Getting back to my original thoughts—about emotional pain. Now I know that straight marriages certainly have their fair share of problems—but they are problems based on the truth of the situation. Our marriages are based on dishonesty and deceit from the beginning. A gay man knows on some level that he is gay or has male attractions before he marries you. This doesn’t start at a later time in life. The thoughts may have been suppressed or minimized, but they were always there. And that’s not to say that a gay man can’t be attracted to a woman in his younger years. The mind is a powerful tool. When you want something badly enough (to be straight), and you meet someone who you believe can enhance your life like no one else can (that wonderful straight girl with so many qualities), it’s easy to believe that love will conquer all—especially those nasty male attractions that your husbands don’t want to have. I really do understand why they marry us—and I really do believe in almost all cases they love us as much as they can. But heck, it’s not the love we need in the long run.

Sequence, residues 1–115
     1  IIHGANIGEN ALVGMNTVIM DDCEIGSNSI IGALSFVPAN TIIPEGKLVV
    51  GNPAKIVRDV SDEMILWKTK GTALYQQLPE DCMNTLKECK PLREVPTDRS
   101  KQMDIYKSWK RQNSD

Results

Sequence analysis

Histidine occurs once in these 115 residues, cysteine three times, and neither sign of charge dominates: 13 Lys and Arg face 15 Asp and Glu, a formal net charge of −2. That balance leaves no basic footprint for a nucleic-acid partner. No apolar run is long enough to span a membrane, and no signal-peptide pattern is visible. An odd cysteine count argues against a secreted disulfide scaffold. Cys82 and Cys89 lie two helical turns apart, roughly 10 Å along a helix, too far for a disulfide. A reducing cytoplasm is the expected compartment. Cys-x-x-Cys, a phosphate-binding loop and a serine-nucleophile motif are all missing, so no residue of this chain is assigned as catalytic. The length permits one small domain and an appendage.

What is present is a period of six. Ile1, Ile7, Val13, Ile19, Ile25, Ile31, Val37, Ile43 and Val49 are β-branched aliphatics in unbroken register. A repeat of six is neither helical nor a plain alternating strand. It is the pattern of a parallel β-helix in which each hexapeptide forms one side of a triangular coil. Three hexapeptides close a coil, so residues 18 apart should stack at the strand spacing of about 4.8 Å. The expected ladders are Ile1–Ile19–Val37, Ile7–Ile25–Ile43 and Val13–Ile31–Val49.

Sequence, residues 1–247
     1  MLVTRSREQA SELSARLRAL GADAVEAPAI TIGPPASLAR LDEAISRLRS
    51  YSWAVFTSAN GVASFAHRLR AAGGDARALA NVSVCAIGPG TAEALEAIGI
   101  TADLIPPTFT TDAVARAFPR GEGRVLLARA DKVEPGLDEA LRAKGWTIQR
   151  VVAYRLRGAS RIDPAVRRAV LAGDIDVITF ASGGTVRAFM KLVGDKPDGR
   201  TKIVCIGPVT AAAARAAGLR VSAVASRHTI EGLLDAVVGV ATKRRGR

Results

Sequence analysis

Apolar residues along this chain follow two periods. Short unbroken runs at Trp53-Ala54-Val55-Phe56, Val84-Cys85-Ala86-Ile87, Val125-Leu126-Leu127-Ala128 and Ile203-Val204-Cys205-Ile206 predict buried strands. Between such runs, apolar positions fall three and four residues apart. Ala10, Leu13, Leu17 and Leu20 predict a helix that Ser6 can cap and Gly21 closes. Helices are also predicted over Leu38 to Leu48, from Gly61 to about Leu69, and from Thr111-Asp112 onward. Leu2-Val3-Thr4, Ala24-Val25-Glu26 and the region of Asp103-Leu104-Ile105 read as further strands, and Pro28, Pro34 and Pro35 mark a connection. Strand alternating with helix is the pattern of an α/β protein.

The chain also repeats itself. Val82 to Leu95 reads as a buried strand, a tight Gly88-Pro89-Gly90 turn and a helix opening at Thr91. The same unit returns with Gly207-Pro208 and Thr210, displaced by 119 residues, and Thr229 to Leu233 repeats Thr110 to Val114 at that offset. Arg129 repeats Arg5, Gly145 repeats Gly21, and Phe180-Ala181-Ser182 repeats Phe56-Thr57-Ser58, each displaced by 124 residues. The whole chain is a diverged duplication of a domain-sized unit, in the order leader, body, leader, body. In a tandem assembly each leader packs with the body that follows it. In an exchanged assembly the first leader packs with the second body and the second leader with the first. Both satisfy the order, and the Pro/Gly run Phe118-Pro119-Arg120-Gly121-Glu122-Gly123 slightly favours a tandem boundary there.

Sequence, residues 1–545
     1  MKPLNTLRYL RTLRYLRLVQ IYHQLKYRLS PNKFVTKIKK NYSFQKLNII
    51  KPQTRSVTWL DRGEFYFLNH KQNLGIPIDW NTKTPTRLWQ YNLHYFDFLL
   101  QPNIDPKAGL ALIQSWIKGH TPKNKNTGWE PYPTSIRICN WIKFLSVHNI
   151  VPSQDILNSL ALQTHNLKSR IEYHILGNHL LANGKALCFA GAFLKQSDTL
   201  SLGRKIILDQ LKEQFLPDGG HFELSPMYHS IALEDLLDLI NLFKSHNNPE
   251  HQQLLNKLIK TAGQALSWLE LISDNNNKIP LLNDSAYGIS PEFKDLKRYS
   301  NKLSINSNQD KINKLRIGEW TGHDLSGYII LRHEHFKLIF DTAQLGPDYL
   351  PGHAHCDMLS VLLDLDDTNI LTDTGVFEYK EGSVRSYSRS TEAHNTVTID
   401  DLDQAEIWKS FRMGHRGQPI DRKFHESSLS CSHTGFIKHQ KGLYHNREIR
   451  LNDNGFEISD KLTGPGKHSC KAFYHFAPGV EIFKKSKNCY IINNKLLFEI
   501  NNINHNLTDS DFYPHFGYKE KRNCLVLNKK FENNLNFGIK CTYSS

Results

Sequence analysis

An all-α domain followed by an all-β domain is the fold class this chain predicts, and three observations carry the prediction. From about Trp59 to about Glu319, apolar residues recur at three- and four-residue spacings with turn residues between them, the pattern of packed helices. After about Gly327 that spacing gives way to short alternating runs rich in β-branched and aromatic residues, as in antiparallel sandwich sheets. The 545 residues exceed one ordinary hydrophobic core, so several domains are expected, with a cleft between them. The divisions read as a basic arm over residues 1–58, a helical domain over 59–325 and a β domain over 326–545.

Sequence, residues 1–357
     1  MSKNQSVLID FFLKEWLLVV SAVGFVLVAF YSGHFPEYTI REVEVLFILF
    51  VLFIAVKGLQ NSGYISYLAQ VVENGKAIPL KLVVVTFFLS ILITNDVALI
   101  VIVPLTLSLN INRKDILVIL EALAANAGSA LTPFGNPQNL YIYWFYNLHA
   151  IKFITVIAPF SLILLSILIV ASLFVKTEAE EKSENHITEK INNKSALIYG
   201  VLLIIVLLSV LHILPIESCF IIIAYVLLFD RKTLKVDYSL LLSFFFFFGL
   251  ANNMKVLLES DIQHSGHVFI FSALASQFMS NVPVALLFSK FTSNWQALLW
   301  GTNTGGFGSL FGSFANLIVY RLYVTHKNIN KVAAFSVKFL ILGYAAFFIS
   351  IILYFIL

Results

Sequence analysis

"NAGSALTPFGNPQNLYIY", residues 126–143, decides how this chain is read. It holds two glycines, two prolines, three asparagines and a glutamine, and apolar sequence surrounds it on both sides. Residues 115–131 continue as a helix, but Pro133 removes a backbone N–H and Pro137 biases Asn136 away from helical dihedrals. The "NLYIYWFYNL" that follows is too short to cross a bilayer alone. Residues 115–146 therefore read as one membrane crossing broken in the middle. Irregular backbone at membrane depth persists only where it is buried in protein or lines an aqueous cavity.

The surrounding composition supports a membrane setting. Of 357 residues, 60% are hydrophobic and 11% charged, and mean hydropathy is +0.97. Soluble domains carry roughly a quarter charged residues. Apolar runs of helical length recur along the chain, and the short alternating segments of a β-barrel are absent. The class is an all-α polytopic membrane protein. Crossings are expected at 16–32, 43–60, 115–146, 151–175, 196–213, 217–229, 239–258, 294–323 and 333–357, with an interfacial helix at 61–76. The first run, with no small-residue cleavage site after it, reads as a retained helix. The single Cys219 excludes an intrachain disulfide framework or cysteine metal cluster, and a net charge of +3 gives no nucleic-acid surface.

In the beginning it seems like it is. Yes, they love holding our hands, rubbing our hair, holding us when we lay down like an oversized security blanket. They’ll tell us that they love us and how they can’t or don’t want to live without us, and for some of us who never had real love before, it sounds so good—and it even feels good. But when that subject of sex comes up, you know there is something that isn’t quite right.

Almost all gay husbands had sex with us at one time. We can attest to that from the children we produced. But how many times have women told me they knew the exact date the children were “conceived”? Many. And that’s the really sad part. The fact that women can give me the date they conceived—seriously—is certainly an indication that there is a bigger problem than they realized. Women with straight husbands may have all kinds of problems, but knowing the date they conceived isn’t one of them for sure.